Changing Partnership Dynamics and Childlessness in Finland

Robert Lynch , University of Turku
Marika Jalovaara, University of Turku

Our research aims to gain insight into how social and gender inequalities and partnership dynamics impact changing fertility dynamics in modern welfare states, such as Finland and the other Nordic countries. The Nordic countries are experiencing an unexpectedly rapid fertility decline. In Finland, for example, the Total Fertility Rate (TFR) has declined by 25% in the last 8 years much of which is due to an increase in childlessness. Recent findings suggest that these trends are are strongly tied to educational disparities (Jalovaara et al. 2018) and are likely to continue. We seek to understand the causes of this accelerating decline in Nordic fertility, and associated rise in childlessness, by addressing key social and gender inequities that affect partnership dynamics and are frequently neglected in fertility research. We suspect that increased childlessness among unpartnered individuals with lower education levels, and hence reduced opportunities for employment, will reflect socioeconomic disparities in opportunities to form families, and that these changes in partnership formation and stability will affect men and women similarly. Overall we expect to find that the traditional mechanisms by which socioeconomically advantaged women face obstacles to family formation have largely been consigned to history in Nordic countries, and that new disparities related to changing partnership dynamics have emerged. We discuss how changing opportunities of men and women, in addition to gender specific mate preferences, might affect these results and suggest the implications that changing partnership dynamics have for other countries that are beginning to experience many of these same transformations.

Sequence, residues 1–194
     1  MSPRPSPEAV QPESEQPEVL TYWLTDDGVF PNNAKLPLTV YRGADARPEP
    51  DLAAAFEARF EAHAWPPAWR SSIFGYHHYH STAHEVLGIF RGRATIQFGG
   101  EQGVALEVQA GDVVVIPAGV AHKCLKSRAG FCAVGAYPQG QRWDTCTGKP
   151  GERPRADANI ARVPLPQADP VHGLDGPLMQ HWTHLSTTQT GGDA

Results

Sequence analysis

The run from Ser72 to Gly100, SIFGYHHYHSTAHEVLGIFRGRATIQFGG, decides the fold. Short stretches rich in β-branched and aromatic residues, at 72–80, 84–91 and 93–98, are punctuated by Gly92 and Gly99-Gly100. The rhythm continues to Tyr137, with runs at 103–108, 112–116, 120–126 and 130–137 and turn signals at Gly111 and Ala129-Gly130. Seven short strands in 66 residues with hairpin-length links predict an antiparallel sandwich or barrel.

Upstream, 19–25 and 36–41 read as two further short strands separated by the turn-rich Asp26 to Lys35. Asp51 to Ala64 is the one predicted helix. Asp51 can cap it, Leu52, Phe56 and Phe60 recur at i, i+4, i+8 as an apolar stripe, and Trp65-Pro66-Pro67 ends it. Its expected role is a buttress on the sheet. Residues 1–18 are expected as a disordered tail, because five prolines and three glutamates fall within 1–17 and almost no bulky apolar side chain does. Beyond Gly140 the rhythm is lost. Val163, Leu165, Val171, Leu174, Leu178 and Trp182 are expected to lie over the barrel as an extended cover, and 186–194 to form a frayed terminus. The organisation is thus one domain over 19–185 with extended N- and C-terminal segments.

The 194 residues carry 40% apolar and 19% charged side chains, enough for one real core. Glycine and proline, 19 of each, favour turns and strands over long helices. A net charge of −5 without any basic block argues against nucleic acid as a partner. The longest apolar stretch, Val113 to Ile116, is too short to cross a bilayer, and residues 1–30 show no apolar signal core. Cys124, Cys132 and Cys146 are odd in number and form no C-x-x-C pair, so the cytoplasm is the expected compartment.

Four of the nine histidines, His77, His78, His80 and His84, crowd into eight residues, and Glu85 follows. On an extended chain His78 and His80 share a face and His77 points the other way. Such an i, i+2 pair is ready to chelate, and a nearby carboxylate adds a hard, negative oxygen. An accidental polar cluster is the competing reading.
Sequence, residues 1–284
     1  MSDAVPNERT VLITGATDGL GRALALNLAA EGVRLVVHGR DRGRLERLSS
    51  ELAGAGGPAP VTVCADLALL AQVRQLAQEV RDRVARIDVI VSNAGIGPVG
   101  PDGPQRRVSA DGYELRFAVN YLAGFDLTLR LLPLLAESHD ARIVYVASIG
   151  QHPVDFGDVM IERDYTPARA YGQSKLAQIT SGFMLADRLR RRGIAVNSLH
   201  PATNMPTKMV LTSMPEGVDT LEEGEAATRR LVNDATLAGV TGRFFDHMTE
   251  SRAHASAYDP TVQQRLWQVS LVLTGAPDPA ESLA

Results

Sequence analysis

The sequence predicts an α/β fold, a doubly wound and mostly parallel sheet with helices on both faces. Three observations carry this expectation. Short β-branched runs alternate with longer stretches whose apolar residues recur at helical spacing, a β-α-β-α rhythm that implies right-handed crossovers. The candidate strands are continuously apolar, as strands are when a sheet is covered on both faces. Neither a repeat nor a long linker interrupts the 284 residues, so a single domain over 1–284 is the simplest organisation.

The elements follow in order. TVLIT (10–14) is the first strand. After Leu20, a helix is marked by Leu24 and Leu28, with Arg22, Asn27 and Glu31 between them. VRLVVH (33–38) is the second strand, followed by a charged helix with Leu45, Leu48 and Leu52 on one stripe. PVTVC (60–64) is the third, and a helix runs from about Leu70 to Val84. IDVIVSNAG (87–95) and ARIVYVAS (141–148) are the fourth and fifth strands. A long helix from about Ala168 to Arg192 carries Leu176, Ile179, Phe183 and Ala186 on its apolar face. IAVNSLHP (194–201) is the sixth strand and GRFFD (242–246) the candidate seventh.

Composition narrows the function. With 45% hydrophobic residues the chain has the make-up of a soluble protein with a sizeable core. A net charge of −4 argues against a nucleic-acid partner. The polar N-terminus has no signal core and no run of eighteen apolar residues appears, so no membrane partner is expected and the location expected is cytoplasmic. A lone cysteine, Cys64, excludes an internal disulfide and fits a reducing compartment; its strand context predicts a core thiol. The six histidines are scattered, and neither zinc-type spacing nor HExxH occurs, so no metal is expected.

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 Presented in Session P1. Poster Session Fertility, Family and the Life Course